After one of my two dogs died, and I adopted a new one a few months later, I set up a new plan to self-insure for vet expenses for both of them so that in their senior years I'm not faced with a huge financial/ethical hit again. I made up my own formula of a base amount funded per dog per year, plus an addition each year based on the dog's age. I have no idea how this will support their healthcare expenses going forward, but I'm giving it a try.
I'm trying to escalate payments of a car loan by increasing my payment by 10% each month. Again, no clue how long I can sustain this, but it's a personal challenge I'm trying.
I could go on and on. I don't need YNAB to always tell me what I should be saving or spending in a category. Sometimes their tools really help, and sometimes I come up with my own, and often they complement each other. You should do some mindfulness exercises on setting your own goals and challenging yourself to meet them, and forgiving yourself along the way if you don't, and adjusting as necessary. THAT'S the power of YNAB, but the rest is up to you :). Good luck in the new year! We all need it...
Powder Blue Trumpet said:
The way YNAB is set up to work, at least the way it works for me, encourages me to spend most or all of the money in a particular category.
I love having money left over in a category. My overarching goal is to save. To grow my net worth. I can then decide to spend extravagantly in that category or to use those funds elsewhere in a higher priority category. More likely, I'm going to move them to a savings category. Don't you dare blame YNAB for your motivations. It is just a tool to optimize your funds the way you see fit.
The mindfulness part of the spending comes when I choose how much goes in that category, and then again when I choose to limit myself to this last $25 and not, say, to pull from "Income Replacement" to have one extra night out this month.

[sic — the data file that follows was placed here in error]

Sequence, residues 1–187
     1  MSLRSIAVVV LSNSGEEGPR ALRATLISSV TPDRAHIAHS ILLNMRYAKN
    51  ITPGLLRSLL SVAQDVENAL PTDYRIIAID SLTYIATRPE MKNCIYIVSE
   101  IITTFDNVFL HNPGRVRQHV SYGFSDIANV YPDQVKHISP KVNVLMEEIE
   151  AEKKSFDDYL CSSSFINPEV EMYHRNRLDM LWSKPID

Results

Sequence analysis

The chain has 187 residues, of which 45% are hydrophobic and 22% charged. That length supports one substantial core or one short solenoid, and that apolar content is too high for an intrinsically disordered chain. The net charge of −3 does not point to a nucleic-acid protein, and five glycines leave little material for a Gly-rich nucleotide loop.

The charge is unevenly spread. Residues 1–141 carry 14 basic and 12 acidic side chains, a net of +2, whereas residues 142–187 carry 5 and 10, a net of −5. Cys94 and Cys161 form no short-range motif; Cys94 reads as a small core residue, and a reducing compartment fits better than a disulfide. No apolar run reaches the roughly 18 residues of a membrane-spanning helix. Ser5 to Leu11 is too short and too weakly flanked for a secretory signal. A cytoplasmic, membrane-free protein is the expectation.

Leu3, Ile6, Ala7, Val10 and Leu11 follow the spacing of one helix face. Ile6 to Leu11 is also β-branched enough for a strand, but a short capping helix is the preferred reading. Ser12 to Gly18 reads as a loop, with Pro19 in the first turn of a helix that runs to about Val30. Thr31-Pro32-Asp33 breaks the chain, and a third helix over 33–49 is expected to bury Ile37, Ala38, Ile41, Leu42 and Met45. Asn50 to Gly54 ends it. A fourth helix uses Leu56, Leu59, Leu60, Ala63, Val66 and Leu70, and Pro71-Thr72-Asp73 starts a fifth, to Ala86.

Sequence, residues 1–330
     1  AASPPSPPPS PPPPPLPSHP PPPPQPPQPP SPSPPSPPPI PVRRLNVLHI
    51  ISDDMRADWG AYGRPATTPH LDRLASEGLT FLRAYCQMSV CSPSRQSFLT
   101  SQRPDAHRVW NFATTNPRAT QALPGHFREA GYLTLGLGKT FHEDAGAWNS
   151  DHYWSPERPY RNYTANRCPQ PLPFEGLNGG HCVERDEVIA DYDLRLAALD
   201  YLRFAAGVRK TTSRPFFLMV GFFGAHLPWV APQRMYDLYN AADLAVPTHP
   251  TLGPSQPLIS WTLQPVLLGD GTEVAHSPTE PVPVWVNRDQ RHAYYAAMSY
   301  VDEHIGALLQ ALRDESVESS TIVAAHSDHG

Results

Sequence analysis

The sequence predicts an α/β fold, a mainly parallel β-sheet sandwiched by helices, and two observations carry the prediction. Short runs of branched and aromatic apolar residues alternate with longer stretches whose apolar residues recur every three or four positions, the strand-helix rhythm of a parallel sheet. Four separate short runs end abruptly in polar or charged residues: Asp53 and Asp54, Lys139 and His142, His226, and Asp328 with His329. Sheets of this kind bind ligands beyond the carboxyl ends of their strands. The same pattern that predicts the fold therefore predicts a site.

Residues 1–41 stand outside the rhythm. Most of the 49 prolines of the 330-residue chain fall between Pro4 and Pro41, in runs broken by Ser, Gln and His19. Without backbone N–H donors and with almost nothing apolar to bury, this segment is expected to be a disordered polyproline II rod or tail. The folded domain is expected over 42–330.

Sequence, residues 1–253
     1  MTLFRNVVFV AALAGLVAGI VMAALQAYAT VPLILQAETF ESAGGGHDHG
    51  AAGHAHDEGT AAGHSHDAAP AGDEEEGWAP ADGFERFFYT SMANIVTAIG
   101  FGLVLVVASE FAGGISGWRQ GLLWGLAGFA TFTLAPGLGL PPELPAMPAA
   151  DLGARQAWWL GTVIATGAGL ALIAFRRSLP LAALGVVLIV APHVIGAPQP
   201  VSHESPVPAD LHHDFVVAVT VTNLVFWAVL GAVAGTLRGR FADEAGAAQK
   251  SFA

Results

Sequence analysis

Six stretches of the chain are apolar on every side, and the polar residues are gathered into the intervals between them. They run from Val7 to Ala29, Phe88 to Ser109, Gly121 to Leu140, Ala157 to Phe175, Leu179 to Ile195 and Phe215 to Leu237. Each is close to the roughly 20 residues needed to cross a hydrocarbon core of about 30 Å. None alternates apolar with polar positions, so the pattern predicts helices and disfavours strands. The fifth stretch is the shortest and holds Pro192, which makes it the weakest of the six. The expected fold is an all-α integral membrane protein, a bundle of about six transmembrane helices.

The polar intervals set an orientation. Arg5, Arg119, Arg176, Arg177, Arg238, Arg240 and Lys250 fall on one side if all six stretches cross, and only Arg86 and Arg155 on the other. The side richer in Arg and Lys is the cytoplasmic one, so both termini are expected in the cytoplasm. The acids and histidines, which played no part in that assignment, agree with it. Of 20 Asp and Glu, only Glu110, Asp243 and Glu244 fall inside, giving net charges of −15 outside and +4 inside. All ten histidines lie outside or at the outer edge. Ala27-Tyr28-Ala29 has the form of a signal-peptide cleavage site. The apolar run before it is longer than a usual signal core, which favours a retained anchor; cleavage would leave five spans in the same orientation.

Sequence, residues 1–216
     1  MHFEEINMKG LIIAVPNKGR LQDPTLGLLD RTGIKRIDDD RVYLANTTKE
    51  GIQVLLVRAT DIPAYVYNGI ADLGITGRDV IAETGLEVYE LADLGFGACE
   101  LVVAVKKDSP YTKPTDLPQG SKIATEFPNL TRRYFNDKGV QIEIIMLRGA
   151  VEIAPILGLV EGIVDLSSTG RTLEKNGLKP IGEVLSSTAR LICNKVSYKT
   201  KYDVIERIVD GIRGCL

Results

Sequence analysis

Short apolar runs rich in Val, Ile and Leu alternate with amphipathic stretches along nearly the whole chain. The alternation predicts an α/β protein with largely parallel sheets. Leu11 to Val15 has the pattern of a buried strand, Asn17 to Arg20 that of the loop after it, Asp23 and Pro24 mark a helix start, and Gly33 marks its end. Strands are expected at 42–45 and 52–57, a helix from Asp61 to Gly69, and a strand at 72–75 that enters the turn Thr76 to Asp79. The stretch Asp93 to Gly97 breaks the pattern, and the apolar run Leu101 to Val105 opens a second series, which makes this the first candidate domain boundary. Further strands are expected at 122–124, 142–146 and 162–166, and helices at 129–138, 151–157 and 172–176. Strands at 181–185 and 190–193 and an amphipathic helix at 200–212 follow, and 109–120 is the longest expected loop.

Perfect. That is it in a nutshell and I believe gets to the core of what the OP is asking.
There are a ton of ways of achieving goals such as mindful spending as demonstrated by the posts here. I think it would be far too easy to start overspending in one category and pulling it out of the big pile and then when something really important to you pops up unexpectedly at the end of the month, you have nothing left.
One thought I had on how to use YNAB is to use other parts of the software to help. What if you colour coded the categories using the flags to denote which ones you can spend to zero with no implications? Others can be ones that you intend for longer term use that should have 10% left at the end of the month to help ensure you have enough available later on.
When it comes to mindfulness, i think in the same terms as WordTenor , which is that it starts ahead of time. If I evaluate each purchase independently, how can I compare it to other priorities I have for my spending? Mindfulness to me is making sure that what I purchase is in line with my goals, intentions and desires for how I live my life. The pile of money gives me no sense of what my goals are because there is no definition to it.
Powder Blue Trumpet said:
Having a zero limit, and having to value each purchase against my "Income Replacement" feels... I don't know, thoughtful rather than destitution.
What makes the Income Replacement category better than the individual category it is in? What would you need to do to make the category have this same thoughtfulness feel to it?
Powder Blue Trumpet said:
having to value each purchase against my "Income Replacement" feels... I don't know, thoughtful rather than destitution
You should evaluate each purchase first against its relevant category. If there insufficient funds there, then evaluate against the LEAST important thing with funds in the budget. If that is less important than the original category, then you SHOULD take those funds.
Leaving funds in the least important category while something more important to you goes unfunded (and therefore unpurchased) is the opposite of meaningful, "priority-based" spending.
Navy Blue Pegasus said:
What if you colour coded the categories using the flags to denote which ones you can spend to zero with no implications?
Hey, that's a good point. A while back, when I started using some emojis, I put a 🔒next to a bunch of categories. These were to remind me these are NOT wammable categories. This is a plan I am committed to, or a category balance that needs to be what it is. Thankfully, I don't WAM a ton as of late, but they're still there to remind me!